• Providing access to plenty of clean, dry hay. As noted above, the act of digesting food produces heat and provides a good source of heat for your horse.
  • Providing extra layers of clothing for your horse in the form of blankets is a great way to help them stay warm, especially if your horse does not have access to a suitable shelter. During very cold and/or wet weather, the added protection of a blanket can provide extra protection.

Blanketing Pros And Cons

Sometimes horses just need a little helping hand and there's just not any way around it. Horse's with problems holding weight, inadequate winter coat development or compromised digestive systems may need the extra insulation provided by a blanket.

Horses that are in training and/or worked regularly will tend to sweat heavily during workouts and take extra long to dry afterward. In cases such as this, it is often a better choice to keep them clipped of their winter coat. Since they have been deprived of their natural ability to keep warm. I is recommended to blanket these horses. Always keep in mind that by blanketing, your horse will be unable to help regulate its own temperature and you may need to provide layering that can be added or removed as necessary. If your horse is stalled and/or limited in its ability to move in order to increase it's body temperature, they may need a little extra help when the temperature drops even into what many would consider "mild" temperatures.

If you decide that a blanket is the way to go for your horse, making sure the blanket you choose is up to the task at hand is just as important as the decision to blanket. Inadequate blanketing can be more detrimental to your horse than no blanket at all in inclement weather. Since blankets will cause a horses hair to lay down flat due to compression from the weight of the blanket, it is extremely important that the blanket be adequately insulated during very cold weather and waterproof if precipitation is a factor. If your blanket is not up to the task in either of these situations, it can actually cause the horse to become more chilled than leaving them to their own natural protective insulation of hair.

Ill fitting blankets can cause many problems for your horse. Horses can develop painful sores from blankets that are both too tight and too loose, and the risk for secondary infections to these sores increases. Low hanging straps and torn blankets can also increase risk of entanglement for your horse, particularly if they are turned out. Horses are notorious for chewing on and ripping their blankets and those of their herd mates, so precautions should be taken in herd situations. Check blankets thoroughly each day to check for tears and broken straps.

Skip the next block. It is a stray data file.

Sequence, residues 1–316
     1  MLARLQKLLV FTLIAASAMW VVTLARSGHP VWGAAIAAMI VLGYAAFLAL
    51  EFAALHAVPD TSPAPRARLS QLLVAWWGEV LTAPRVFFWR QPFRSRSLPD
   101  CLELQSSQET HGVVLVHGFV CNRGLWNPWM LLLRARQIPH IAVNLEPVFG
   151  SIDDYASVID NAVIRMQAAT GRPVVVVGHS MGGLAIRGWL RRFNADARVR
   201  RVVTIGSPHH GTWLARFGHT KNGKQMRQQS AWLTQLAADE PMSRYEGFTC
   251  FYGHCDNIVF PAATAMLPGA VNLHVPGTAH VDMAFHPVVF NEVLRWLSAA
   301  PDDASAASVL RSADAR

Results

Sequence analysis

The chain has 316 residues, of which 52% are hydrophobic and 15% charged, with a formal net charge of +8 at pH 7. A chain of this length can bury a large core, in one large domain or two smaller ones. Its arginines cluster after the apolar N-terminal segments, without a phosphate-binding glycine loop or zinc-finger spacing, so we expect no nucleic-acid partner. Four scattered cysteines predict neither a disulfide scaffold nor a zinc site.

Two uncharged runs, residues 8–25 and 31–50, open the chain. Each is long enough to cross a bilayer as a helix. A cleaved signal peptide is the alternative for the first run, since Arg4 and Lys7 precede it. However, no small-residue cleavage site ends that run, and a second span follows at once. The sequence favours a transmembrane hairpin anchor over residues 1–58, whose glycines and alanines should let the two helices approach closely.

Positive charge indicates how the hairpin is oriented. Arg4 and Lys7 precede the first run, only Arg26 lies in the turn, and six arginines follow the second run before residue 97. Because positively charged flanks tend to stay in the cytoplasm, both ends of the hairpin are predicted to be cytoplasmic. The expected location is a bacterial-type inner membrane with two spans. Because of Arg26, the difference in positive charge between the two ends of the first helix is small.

If the temperatures are fairly mild during the day and only get very cold at night, leaving a heavy blanket on your horse round the clock can cause them to sweat underneath the blanket and then they are likely to become chilled during the overnight hours. This can compromise their natural immune system and leave them susceptible to illness. In conditions like these where you cannot get to your horse to adjust layers of blankets or remove them as the temperature rises, it is sometimes better to simply leave the blanket off and offer a good windbreak/shelter and extra hay than to leave them blanketed all day.

About The Author: Lisa Carter is a Certified Equine Massage Therapist (CEMT) with multiple certifications in equine bodywork. She incorporates her knowledge and experience with Parelli Natural Horsemanship, equine bodywork and as a veterinary technician to provide her clients with the resources they need to make informed decisions for their horses. She encourages and facilitates network building between equine health care professionals, working together to find the best combination of therapies to meet the needs of the "whole horse". Article Source:

http://EzineArticles.com/7478828